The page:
How beautiful, he thought. Then, more to the point, how valuable. And was it truly unwarded? He held out his hatpiece. It glowed green, though the uncut cabochon made a poor showing against the massed glitter from above.
Right, he thought. To work. But still he stood and stared, mouth open like a bumpkin at his first raree-show. He had to exert a mental grip on himself. Never mind staring. Pluck one!
He reached, put his fingers around a low-hanging emerald as big as a plum, and tugged. A second, harder pull separated the gem from its stem with a faint pop! The entire tree shivered, its reflected lights flittering across his upraised arm, then it subsided. Krunzle put the green gem in his hat, and reached for a pear-shaped diamond so large his thumb and fingers could not meet around its width. Again, it came free with a good tug, and again the tree shook — though not with pain, he thought. More like excitement.
It was an emotion Krunzle shared as he reached and tugged, reached and tugged, and his hat filled with splendorous riches. Should've bought a higher-crowned one, he thought. He set it down between two of the flood lamps in the top of the pot and swung his satchel around on its shoulder strap so that it hung down his front instead of at his side. Now he could pluck gems with both hands.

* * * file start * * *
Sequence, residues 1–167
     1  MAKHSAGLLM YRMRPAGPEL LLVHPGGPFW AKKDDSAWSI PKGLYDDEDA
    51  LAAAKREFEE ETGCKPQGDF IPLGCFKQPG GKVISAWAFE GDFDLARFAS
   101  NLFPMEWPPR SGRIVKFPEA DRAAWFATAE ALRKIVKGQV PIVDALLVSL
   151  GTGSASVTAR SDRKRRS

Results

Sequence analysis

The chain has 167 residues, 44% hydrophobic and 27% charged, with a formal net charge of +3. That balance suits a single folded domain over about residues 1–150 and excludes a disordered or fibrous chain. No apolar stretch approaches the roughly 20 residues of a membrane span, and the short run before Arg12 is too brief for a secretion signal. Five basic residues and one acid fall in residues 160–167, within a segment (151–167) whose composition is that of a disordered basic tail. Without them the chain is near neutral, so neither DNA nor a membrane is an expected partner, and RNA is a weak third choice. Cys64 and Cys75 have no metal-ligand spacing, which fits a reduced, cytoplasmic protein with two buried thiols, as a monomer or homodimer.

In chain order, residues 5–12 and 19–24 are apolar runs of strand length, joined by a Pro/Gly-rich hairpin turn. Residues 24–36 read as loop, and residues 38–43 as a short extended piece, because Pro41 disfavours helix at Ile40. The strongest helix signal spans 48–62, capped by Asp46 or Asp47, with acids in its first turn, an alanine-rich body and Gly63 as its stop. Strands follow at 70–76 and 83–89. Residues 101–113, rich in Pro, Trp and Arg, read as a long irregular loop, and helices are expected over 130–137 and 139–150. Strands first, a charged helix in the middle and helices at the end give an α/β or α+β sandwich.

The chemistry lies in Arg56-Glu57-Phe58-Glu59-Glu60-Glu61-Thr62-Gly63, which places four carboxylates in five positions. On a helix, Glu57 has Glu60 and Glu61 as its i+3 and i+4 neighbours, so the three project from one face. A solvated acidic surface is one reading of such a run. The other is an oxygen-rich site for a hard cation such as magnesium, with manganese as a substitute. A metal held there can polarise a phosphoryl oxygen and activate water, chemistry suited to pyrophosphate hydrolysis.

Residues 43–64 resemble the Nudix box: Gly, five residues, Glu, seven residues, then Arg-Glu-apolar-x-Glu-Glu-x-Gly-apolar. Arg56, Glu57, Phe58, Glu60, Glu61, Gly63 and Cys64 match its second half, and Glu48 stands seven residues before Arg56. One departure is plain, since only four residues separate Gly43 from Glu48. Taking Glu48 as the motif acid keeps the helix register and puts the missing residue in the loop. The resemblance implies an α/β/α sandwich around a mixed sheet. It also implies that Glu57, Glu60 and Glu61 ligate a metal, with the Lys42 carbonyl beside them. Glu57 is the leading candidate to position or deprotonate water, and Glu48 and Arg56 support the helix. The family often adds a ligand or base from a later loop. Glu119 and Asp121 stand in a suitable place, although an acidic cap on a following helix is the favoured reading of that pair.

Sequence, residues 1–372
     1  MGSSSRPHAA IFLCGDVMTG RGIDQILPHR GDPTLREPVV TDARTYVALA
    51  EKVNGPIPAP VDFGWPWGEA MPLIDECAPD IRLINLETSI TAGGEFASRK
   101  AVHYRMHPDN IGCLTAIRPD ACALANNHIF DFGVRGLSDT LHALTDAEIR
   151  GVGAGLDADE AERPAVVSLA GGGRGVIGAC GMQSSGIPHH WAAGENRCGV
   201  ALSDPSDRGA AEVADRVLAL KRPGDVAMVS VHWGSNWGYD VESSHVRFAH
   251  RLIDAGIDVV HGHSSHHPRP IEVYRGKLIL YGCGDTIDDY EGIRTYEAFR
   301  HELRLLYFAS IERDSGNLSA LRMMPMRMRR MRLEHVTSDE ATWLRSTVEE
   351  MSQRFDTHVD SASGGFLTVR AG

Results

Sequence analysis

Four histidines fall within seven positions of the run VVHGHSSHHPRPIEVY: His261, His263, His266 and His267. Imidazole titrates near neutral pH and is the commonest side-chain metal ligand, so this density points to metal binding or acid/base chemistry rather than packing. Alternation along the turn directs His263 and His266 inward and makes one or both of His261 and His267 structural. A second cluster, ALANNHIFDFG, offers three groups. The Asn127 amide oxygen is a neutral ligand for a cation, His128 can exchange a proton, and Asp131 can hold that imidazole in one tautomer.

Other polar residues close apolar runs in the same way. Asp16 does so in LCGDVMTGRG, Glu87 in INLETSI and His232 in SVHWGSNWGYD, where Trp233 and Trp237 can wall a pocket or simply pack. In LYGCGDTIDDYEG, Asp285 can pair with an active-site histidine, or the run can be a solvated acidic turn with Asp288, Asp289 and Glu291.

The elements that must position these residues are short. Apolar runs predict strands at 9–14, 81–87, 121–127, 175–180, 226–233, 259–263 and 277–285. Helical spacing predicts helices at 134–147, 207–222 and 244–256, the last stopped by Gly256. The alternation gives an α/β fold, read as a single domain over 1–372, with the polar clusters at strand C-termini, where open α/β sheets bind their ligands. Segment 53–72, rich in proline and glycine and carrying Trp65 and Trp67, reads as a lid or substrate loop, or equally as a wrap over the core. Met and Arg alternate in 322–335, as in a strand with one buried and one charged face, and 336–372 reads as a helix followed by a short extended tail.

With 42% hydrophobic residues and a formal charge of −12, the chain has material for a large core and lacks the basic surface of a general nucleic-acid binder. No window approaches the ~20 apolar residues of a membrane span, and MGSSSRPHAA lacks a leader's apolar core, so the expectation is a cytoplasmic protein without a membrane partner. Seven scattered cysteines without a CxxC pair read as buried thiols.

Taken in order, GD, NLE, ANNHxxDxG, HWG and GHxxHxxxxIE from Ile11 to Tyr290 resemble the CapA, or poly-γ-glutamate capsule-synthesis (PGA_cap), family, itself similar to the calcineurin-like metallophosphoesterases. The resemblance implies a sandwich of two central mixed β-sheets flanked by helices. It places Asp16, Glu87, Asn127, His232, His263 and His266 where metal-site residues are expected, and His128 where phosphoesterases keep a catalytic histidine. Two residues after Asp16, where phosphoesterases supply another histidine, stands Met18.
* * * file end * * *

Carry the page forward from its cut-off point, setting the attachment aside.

The satchel, like the hat, was soon filled. Krunzle had not even exhausted the low-hanging bounty of the tree. If I remove my cloak, he thought, I could pile more jewels on it and fold and tie it into a bundle. He did so, flapping the cloth to lay it on the ground. Then he made to climb upon the lip of the pot, the better to reach higher.
And found he could not. Though he willed his feet to lift, they would not. Nor would the muscles of calf and thigh flex. Krunzle looked down and saw, through the flashing of reflected spots of light, that his lower limbs, to a height of halfway between knee and hip, were wrapped around with roots as thick as his wrist. As he watched, the thin ends of the fibrous material extended themselves, winding around his thighs to reach ever higher.
Excerpted from Pathfinder Tales: Song of the Serpent by Hugh Matthews. Copyright © 2015 Paizo Inc.. Excerpted by permission of Tom Doherty Associates.